Here are 3 famous musicians from the world died in Complications from a stroke:
Seamus Heaney (April 13, 1939 Castledawson-August 30, 2013 Blackrock Clinic) was an Irish poet, writer, author, playwright, translator, educator and actor. He had three children, Michael Heaney, Christopher and Catherine Ann.
His albums: Seamus Heaney Collected Poems and The Poet & The Piper.
Read more about Seamus Heaney on Wikipedia »
Mitch Leigh (January 30, 1928 Brooklyn-March 16, 2014 Manhattan) also known as Leigh, Mitch or Irwin Michnik was an American theatrical producer, composer, music arranger, orchestrator and theatre director. His child is Eve Leigh.
His discography includes: Man of La Mancha, Man of La Mancha (1990 studio cast), Ain't Broadway Grand (1993 original Broadway cast), Man of La Mancha (1972 film cast), Man of La Mancha and .
Read more about Mitch Leigh on Wikipedia »
Alan Shulman (June 4, 1915 Baltimore-July 10, 2002 Hudson) a.k.a. Alan Schulman or Shulman, Alan was an American composer and cellist. He had four children, Jay Shulman, Laurie Shulman, Marc Shulman and Lisa Shulman.
Shulman studied at the Peabody Institute in Baltimore and later at the Curtis Institute of Music in Philadelphia. He began his career as a cellist, playing in various orchestras including the New York City Opera and the NBC Symphony Orchestra. Shulman later turned to composition and his works were performed by many notable orchestras including the New York Philharmonic and the Boston Symphony Orchestra. He also wrote music for films and television, including scores for the classic TV series "The Twilight Zone". Later in life, Shulman became a prominent teacher and mentor, serving on the faculty at the Manhattan School of Music for many years.
Shulman's compositions were influenced by a variety of styles, including jazz, folk, and classical music. He was known for his use of unique instrumental combinations and his incorporation of innovative rhythms and harmonies in his pieces. Some of his notable works include his cello concerto, string quartet, and "A Laurentian Overture". Shulman was honored with numerous awards throughout his career, including the ASCAP Deems Taylor Award and the National Endowment for the Arts Grant. Additionally, he held memberships in several music organizations, including the American Society of Composers, Authors, and Publishers (ASCAP) and the National Academy of Recording Arts and Sciences. Even after his passing in 2002, Shulman's contributions to American music continue to be celebrated and recognized.
In addition to his many accomplishments, Alan Shulman was a part of many prominent musical collaborations throughout his career. He frequently worked with his brothers, violinist Sylvan Shulman and horn player Abraham Shulman, as well as his wife, pianist and composer Sylvia Marlowe. The group played together in a number of chamber ensembles, including the Marlboro Festival and the New York Woodwind Quintet.
Beyond his work in composition and performance, Shulman was also an active advocate for contemporary classical music. He served as the president of the American Music Center and worked to promote the works of younger, emerging composers.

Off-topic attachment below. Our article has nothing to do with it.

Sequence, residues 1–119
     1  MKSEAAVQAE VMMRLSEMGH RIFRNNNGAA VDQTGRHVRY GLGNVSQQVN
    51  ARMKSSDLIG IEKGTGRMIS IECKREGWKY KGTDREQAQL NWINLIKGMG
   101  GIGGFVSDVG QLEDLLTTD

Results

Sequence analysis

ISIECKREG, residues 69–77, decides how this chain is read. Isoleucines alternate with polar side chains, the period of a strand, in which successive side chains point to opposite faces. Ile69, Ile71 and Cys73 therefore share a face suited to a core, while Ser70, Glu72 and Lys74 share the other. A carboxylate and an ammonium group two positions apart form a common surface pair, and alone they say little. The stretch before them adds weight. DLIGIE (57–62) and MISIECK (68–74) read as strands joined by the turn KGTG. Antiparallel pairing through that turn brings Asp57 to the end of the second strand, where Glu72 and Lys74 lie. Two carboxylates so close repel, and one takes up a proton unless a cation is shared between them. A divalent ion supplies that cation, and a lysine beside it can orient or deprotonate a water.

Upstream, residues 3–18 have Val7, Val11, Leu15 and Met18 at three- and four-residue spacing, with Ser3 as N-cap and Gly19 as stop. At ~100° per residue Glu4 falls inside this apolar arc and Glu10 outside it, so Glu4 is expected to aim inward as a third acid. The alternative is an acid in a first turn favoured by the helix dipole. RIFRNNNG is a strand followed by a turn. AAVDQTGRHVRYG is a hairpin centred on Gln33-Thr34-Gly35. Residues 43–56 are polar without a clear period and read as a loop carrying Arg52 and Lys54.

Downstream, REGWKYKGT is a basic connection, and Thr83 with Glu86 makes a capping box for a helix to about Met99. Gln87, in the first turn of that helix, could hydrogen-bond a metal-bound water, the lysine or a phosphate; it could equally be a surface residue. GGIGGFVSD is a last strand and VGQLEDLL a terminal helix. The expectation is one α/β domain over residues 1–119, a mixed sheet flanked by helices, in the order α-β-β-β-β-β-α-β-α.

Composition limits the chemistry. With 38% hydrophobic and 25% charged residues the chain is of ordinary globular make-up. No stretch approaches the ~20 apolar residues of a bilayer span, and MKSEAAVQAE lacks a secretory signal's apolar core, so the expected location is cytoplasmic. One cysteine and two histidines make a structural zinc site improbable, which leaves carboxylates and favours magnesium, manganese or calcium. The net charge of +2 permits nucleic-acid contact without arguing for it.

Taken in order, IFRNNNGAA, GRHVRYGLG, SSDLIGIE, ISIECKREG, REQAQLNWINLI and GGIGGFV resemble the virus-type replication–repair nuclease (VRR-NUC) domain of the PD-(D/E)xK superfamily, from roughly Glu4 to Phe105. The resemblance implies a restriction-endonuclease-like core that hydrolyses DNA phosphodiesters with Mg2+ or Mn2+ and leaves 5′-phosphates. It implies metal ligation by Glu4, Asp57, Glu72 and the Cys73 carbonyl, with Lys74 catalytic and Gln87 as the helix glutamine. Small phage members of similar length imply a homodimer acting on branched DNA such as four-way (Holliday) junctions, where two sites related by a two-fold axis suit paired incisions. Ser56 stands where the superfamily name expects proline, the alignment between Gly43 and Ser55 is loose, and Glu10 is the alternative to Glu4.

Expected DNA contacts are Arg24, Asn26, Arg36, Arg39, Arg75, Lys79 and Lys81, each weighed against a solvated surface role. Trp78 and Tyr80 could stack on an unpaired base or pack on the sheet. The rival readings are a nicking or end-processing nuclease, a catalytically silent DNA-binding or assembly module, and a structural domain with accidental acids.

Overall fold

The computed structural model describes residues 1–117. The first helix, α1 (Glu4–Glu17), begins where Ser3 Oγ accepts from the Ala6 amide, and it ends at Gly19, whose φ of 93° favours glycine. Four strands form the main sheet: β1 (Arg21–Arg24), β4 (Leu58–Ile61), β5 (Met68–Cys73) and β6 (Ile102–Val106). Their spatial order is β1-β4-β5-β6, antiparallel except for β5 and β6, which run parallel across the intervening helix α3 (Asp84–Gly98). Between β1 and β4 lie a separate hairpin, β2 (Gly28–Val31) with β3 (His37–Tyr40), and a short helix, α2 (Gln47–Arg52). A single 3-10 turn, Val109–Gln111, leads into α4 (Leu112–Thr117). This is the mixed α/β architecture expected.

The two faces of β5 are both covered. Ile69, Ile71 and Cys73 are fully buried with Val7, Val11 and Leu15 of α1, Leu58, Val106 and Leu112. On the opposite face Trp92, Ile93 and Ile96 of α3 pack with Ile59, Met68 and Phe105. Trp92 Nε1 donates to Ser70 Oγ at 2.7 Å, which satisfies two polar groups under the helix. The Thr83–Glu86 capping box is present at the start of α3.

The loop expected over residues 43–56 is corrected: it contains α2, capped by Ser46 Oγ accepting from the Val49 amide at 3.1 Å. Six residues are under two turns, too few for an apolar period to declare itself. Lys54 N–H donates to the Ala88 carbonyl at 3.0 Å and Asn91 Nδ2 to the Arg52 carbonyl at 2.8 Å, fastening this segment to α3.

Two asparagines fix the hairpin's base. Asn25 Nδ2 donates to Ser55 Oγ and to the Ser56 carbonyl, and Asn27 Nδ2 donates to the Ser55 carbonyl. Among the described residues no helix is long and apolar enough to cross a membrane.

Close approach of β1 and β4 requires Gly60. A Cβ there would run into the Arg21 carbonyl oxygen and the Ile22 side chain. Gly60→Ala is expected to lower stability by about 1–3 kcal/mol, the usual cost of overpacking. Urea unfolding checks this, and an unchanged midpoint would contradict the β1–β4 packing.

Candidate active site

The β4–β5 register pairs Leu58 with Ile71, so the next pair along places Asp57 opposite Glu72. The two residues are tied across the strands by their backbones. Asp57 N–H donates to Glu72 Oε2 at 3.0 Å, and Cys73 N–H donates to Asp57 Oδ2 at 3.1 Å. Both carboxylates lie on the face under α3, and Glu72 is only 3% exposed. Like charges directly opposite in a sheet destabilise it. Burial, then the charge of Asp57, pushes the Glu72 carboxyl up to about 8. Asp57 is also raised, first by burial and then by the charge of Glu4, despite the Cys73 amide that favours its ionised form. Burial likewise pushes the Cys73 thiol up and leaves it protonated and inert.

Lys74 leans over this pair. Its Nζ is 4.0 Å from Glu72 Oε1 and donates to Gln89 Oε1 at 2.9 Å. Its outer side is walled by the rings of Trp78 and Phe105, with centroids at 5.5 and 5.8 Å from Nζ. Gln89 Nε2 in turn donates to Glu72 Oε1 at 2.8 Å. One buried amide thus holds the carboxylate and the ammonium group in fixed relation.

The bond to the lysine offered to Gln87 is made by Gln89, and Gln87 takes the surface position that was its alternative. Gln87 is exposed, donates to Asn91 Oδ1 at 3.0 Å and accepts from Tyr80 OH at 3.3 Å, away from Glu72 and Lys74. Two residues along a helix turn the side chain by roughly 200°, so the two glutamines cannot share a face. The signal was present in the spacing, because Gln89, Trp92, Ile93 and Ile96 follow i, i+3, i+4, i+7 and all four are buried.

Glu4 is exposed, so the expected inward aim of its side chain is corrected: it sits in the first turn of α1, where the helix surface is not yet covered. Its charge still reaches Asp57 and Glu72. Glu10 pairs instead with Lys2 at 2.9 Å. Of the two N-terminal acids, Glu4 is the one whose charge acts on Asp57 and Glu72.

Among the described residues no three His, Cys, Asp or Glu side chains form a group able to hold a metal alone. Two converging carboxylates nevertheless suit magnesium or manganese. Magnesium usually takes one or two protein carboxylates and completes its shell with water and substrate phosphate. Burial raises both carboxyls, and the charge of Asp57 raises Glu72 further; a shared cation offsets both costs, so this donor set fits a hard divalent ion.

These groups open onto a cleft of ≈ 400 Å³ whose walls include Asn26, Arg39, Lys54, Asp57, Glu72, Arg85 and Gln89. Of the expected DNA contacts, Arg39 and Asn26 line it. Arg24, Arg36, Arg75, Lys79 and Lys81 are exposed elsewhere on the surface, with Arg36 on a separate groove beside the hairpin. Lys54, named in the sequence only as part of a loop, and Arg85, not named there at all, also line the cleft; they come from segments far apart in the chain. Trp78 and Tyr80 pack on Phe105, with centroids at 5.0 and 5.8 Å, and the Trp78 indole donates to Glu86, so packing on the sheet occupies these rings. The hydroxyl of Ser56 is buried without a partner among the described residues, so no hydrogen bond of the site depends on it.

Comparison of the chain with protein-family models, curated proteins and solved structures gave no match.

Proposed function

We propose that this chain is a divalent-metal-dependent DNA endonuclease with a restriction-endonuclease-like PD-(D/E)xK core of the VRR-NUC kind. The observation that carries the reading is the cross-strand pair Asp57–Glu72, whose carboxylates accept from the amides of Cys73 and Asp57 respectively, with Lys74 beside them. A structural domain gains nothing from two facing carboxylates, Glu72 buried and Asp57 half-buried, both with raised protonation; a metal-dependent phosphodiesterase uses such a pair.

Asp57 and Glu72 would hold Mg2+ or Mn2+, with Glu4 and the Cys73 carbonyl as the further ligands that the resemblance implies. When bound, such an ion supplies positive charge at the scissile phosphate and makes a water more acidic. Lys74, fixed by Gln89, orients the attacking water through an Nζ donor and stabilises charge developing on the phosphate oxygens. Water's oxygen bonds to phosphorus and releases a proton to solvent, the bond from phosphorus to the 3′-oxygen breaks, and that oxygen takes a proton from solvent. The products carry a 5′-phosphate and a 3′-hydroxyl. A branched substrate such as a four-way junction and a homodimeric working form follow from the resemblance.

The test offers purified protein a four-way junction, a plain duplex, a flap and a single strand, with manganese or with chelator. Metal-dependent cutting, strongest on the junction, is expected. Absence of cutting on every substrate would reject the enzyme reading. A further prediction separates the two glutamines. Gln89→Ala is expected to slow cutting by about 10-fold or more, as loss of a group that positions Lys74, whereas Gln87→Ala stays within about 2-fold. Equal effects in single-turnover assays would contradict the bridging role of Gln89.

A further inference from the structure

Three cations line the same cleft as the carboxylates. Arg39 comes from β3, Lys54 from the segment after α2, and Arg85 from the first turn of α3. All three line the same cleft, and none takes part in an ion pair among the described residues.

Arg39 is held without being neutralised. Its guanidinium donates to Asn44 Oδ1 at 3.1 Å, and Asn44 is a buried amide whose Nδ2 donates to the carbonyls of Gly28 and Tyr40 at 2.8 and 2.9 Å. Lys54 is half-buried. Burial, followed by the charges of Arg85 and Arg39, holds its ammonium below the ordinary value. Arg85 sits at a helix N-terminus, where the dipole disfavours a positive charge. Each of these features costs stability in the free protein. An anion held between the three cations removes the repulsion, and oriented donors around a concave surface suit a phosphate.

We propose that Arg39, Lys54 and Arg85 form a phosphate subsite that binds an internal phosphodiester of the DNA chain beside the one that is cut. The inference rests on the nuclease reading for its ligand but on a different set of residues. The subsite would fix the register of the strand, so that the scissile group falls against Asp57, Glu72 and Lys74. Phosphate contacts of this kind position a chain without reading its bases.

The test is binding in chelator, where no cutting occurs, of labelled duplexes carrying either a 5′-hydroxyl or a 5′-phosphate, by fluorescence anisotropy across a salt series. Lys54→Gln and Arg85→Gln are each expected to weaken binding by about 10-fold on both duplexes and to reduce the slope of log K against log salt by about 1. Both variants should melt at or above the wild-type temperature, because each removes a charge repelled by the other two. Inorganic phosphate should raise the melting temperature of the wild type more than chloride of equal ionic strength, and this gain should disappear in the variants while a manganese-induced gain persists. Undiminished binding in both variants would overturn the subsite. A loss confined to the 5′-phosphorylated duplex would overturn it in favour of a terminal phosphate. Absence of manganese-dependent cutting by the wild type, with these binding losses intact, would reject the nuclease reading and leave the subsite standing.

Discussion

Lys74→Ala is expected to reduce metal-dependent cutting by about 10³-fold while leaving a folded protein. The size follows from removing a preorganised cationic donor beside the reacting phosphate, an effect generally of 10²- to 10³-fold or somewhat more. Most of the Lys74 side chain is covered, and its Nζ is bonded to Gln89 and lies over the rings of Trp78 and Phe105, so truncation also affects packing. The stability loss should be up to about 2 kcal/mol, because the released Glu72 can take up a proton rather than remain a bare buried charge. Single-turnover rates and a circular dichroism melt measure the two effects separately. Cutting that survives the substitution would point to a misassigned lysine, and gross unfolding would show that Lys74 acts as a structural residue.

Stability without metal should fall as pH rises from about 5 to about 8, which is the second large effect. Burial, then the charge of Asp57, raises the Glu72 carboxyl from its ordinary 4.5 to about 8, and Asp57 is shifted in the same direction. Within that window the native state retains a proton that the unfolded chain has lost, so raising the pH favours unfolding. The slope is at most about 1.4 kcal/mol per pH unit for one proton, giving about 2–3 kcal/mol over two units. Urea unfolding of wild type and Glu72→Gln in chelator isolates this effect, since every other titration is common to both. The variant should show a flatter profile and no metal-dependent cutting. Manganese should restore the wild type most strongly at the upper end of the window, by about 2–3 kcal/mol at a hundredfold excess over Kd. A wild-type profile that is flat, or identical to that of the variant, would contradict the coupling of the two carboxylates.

Despite his many achievements, however, Shulman remained humble about his contributions to music. In an interview, he once said, "I've made some contributions, but they're drops in the ocean. The great contributions come from people like Bach and Beethoven, and I don't put myself in their category at all." Nevertheless, he remains an important figure in the world of American classical music and his legacy continues to inspire new generations of composers and performers.
Shulman also had a strong passion for music education and was involved in numerous programs throughout his career. He served on the faculty at the Manhattan School of Music for over 30 years, where he taught composition, theory, and cello. He also led masterclasses and workshops at universities and music festivals across the country. Shulman believed that music education was crucial in developing the next generation of musicians and composers, and he dedicated much of his time and energy to this cause.Shulman's legacy in music is further solidified by the Alan Shulman Award, which is given out each year by the Manhattan School of Music to an outstanding composition student. The award was established in his honor and serves as a testament to his many contributions to the field of music. In addition to his prestigious career, Shulman is remembered for his kindness, generosity, and unwavering dedication to his craft.
Shulman was also a prolific writer and contributed many articles to music publications throughout his career. He was known for his insightful commentary on contemporary classical music and his willingness to discuss controversial topics in the field. Shulman was also an accomplished conductor, leading performances with various orchestras and ensembles throughout his career.
Despite experiencing hearing loss in his later years, Shulman continued to compose and perform music until the end of his life. He believed that music was a universal language that could bring people together and inspire positive change in the world. Shulman's unwavering passion for music and his dedication to teaching and promoting the works of emerging composers continue to influence the world of classical music today.
Read more about Alan Shulman on Wikipedia »